April 22, 2019

The Politics of Drinking

  • Bourbon is required to contain at least 50% corn and must be aged in a new, charred, American oak barrel.
  • In 1516, Bavaria passed a law called the Reinheitsgebot allowing only 3 ingredients in the production of beer.
  • One of my favorites: to this day, the Vatican has given its blessing to consume as much bock or doublebock beer as you wish.

There are basically three major influences on the development of beverages in history: the local raw materials used in production; natural barriers between regions that isolate people and plant species; and the never ending influence of those in power to tweak the end result to something in their favor financially or socially.

I wanted to look at some of the quirks of beverage politics that have influenced the drinks you consume becoming what they are.


Beer Facts

Beer has a very interesting political history. If you look at the bits of antiquity uncovered by archeologists over the years, you find that beer is commonly used as a commodity in social contracts. The previously mentioned Reinheitsgebot was passed mainly as a price control for wheat and rye, insuring a consistent bread supply; and was used as a trade protection measure against Belgian and English beers being imported.

The Vatican sanction of bock and doublebock beers comes as a result of geographic politics. The Vatican is in wine dominant Italy. Bock and doublebock beers are the home of cold climate Germany during the winter and spring. As German monks would fast during holiday periods in religious observance, most of their nutritional needs were met by these higher alcohol beers. Of course, strong beers on an empty stomach lead to drunken merriment, which is not overly somber in tone. Worried, the head abbots sent their beers to the Vatican for suggestions. The wine drinking Italians detested the strong beers so much they sent them back with official sanction to consume as much as you wish, along with a blessing for your piety in voluntarily inflicting them upon yourselves. Now, centuries of German beer tradition have come to dominate beer styles around the world.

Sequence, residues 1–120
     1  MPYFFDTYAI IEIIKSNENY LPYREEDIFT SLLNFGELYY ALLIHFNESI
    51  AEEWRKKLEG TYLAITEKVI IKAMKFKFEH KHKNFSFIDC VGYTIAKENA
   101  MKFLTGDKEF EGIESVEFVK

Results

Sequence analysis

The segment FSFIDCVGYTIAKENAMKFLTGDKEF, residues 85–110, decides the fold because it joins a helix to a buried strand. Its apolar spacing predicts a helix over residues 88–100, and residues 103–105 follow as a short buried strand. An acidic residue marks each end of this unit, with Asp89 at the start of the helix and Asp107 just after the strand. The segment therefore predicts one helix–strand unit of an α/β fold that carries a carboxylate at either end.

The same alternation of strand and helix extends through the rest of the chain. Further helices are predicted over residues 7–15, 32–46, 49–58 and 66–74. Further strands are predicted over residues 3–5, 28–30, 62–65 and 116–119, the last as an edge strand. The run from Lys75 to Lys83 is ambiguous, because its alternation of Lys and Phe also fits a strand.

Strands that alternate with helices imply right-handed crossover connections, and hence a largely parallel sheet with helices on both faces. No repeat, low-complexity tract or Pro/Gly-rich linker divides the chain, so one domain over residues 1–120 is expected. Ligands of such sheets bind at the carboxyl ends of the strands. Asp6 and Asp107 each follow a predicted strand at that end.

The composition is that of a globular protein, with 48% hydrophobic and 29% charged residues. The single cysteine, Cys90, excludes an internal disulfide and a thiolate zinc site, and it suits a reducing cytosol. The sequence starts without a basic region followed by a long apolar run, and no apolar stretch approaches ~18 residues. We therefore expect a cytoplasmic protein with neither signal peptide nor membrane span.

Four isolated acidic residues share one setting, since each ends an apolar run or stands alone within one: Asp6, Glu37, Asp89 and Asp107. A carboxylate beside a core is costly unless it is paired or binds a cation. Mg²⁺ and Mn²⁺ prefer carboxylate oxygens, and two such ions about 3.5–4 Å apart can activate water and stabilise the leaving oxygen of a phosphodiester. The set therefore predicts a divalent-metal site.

Spirit Facts

Spirits have played a major role in world politics. The slave trade of the Americas was based predominately on two commercial cash crops: cotton in the current American South, and sugar cane in the Caribbean and Central Americas that produced rum. The restriction of rum during the Revolution lead to the development of whisky being America’s liquor of preference. Early American whiskies were mostly rye based and produced around Pennsylvania. After the Whisky Rebellion, the distillers moved south to Kentucky and switched to more corn based products in the warmer climate.

Another major industry of the Midwest is logging, dominated by American oak species. Put the two together and the body politic began mandating levels of corn and use of American oak barrels in Bourbon production.

Gin became popular after the English government allowed unlicensed local gin production, heavily taxing importation of alcohol in the early 1700s.

Wine Facts

Wine is no less political. The advent of Port Wine was brought about by the War of Spanish Succession and the Methuen Treaty between the English and Portuguese. Many Port houses are still English in tradition.

The politics of wine are as hotly contested today as ever. Most regional names such as Burgundy, Chianti, and Champagne are guarded diligently from use by the EU and the beverage business interests from those regions.

Many wineries, and Central Valley agriculture in general, are dependent on irrigation water in California. Water politics with the influence of environmental groups is a major issue in the California economy today and could alter the entire California wine industry in the near future.

Dry Taxes

One can’t talk alcohol politics in America without mentioning Prohibition. Serious efforts of the temperance movement started in the 1840s. It finally gained enough traction with U.S. involvement in WWI as groups argued the grain sources were better spent for food, and the vocal, mostly German immigrant opposition was discredited. Of course, alcohol was the major source of government funding at the turn of the century 1900, so before Prohibition could be passed, the income tax had to be imposed first.

So, each April 15th when you pay the tax man, have a drink in protest, as the ‘dry’ movement is as much to blame as anyone for your labors being taxed.

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